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Victorian splendor

Victorian splendor

The tired, thirsty and hungry are welcome at the Adelphi. So are the curious. On a recent summer

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The tired, thirsty and hungry are welcome at the Adelphi.

So are the curious. On a recent summer day, two people entered the elegant lobby of Saratoga Springs’ landmark Victorian hotel and inspected the magentaand cream-colored hand stencils on the walls and ceilings, chairs topped with plush red fabric, the giant fern fronds and other vases full of flowers.

“We don’t mind,” said Sheila Parkert, who has owned the distinctive, four-story building across from the city’s Phila Street since 1979.

There’s a lot to see, for both visitors and guests. Parkert, who bought and renovated the Adelphi with her husband, the late Gregg Siefker, said people like the ambience and opulence of the lobby, parlor, hallways and rooms. A grand staircase, old-fashioned ceiling fans, antique lamps and main desk — the latter was part of the hotel when it opened during the summer of 1877 — are among the points of interest.

Parkert said former railroad conductor William McCaffrey built the Adelphi on the site of the Old Adelphia Hotel in the mid-1870s. With only 70 rooms, it was smaller than the more well-known downtown hotels — the Grand Union and United States — but people were attracted to the second-floor piazza. The giant, open-air gallery gave hotel guests chances to watch the hustle and bustle of Broadway from atmospheric surroundings. It still does — people sit in wicker chairs and love seats to watch the pedestrian and vehicular traffic.

Bringing it back

The Adelphi, from the Greek adelphoi, “brothers,” eventually hit hard times. It had been closed for years when Parkert and Siefker, transplanted Nebraskans and a new Saratoga business couple, decided to buy the faded hotel for $100,000. Vandals had damaged the interior; the elements had nearly wrecked the roof.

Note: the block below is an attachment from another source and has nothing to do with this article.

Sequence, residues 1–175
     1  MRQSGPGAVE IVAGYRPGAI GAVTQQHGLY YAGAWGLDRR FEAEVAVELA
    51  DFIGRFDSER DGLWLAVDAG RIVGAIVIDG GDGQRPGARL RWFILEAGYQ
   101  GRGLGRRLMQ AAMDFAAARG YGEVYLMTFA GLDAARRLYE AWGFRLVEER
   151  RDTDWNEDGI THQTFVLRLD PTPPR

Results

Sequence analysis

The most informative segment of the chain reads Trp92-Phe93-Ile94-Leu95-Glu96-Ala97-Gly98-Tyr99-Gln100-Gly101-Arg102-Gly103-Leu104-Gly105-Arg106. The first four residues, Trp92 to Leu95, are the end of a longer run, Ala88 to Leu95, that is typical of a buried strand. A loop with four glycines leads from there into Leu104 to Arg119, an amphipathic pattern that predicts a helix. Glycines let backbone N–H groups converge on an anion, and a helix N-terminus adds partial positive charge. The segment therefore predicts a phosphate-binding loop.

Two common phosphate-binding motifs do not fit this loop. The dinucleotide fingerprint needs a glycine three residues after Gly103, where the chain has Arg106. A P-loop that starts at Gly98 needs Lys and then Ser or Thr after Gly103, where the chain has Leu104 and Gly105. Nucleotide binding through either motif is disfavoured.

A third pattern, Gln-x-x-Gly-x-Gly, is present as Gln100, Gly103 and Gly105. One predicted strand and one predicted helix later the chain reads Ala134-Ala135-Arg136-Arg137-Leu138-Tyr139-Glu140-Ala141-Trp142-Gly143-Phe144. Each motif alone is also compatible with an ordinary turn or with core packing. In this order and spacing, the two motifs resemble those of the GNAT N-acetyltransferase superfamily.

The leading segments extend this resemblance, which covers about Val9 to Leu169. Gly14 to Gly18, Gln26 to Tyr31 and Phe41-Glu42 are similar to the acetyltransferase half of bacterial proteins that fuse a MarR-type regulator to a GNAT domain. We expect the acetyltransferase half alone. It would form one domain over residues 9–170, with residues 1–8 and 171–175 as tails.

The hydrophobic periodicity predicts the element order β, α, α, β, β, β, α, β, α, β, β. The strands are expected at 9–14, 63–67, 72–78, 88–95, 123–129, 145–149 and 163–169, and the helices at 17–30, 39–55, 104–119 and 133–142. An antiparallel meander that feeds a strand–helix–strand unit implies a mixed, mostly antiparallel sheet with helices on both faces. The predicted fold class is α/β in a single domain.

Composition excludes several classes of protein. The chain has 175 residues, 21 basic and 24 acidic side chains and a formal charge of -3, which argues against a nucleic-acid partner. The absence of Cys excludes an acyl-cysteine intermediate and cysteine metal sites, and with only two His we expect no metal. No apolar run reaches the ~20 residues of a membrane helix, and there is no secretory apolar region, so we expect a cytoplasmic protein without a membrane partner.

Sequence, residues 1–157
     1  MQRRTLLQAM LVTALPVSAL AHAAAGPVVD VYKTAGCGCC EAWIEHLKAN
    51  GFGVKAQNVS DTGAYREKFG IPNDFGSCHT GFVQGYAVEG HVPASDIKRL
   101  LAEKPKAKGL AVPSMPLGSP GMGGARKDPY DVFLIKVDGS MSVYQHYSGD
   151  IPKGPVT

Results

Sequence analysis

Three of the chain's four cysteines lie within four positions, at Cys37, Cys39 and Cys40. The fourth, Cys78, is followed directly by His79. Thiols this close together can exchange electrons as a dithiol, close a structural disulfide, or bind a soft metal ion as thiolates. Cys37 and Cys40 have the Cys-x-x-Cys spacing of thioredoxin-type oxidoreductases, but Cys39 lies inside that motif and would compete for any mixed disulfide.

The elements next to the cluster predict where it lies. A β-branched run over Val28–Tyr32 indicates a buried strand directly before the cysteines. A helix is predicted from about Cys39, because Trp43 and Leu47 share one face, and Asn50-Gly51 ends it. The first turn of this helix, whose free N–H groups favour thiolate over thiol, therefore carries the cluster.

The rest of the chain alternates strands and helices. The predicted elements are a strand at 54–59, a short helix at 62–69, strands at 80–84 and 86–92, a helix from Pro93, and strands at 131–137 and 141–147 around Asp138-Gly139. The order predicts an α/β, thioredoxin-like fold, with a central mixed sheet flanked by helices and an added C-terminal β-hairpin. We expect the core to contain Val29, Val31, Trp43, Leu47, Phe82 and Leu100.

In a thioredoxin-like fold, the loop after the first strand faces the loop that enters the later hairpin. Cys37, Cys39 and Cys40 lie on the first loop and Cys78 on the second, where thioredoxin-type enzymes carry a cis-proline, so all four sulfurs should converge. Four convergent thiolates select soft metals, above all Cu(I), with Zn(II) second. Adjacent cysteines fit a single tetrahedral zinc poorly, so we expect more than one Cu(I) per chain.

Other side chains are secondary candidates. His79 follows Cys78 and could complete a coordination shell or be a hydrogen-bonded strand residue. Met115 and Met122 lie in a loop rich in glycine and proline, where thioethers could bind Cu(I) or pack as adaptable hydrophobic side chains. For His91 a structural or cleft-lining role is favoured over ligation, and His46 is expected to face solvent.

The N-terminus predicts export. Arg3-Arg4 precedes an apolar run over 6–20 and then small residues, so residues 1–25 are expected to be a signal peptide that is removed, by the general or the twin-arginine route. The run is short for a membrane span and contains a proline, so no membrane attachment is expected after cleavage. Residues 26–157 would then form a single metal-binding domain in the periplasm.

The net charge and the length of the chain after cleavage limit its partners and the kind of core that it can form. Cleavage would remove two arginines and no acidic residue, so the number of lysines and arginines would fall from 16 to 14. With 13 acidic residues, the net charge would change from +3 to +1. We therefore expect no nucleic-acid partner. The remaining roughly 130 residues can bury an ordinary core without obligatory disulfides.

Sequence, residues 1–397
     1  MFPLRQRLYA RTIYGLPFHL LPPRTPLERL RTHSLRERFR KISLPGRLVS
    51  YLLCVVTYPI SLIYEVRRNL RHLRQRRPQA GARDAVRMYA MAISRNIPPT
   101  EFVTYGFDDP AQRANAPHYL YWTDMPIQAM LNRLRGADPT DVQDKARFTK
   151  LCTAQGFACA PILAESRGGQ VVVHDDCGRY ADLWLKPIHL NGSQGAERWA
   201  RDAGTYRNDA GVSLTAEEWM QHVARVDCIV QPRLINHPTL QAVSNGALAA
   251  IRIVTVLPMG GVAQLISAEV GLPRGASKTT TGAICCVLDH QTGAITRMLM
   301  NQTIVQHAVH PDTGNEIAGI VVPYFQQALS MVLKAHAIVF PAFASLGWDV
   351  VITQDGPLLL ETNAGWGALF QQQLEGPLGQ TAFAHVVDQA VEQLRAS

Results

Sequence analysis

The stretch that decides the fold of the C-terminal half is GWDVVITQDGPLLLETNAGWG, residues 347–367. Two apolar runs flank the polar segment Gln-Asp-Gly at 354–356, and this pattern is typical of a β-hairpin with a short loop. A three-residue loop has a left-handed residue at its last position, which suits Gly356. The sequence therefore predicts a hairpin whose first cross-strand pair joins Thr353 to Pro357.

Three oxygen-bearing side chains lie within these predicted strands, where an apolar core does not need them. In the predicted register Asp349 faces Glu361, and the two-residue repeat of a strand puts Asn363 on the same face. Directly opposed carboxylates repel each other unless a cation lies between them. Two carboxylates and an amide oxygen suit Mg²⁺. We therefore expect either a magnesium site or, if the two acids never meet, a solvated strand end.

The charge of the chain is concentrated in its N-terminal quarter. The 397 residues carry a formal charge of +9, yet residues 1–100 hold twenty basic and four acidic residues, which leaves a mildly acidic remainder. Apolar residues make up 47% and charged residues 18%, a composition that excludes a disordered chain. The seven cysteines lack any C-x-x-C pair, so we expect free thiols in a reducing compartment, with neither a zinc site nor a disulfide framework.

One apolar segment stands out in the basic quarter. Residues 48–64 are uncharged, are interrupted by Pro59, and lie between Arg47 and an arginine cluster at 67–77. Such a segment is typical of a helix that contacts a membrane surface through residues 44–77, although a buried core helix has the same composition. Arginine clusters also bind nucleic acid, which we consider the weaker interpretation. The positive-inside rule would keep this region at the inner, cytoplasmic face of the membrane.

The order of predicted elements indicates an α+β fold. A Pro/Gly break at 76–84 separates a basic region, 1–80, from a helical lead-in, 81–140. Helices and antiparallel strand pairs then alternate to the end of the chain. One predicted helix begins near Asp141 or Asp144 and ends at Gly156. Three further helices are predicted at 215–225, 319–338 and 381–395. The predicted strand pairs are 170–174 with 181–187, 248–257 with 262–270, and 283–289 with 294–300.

The new owners started small. They opened the bar first; funds raised selling drinks and sandwiches helped renovate rooms one at a time. Now, 39 rooms are available for guests in the hotel, its bricks painted deep brown with cream-colored trim around the windows. Weekday prices during August start at $255 for a small room and rise to $430 for a grand suite; during the weekends, that range increases to $290-$540.

“Mostly, it’s for couples coming up for a romantic weekend getaway from New York, Boston and Montreal,” Parkert said. “And there’s a lot of racing people, and people involved in racing — trainers and owners.”

Guests have the chance to visit the outdoor swimming pool, surrounded by summer green, lattice-work fences, flagstones, urns and lounge chairs. Both guests and visitors pack what might be the Adelphi’s most popular component — the “Cafe Adelphi” offers Cosmopolitans, fruit daiquiris, cheesecake, pie and other diversions both indoors and outdoors.

The hotel does not operate a large kitchen and dining room; Parkert says that with dozens of restaurants within walking distance, she can persuade some people to visit her establishment for dessert. The courtyard accommodations include dozens of Adirondack chairs in forest green shades.

The Adelphi opens in June and closes for the season in October. People keep coming back, every season.

“I think it’s the history, and the fact that it’s just not another banal hotel chain, not just another rubber stamp,” Parkert said.

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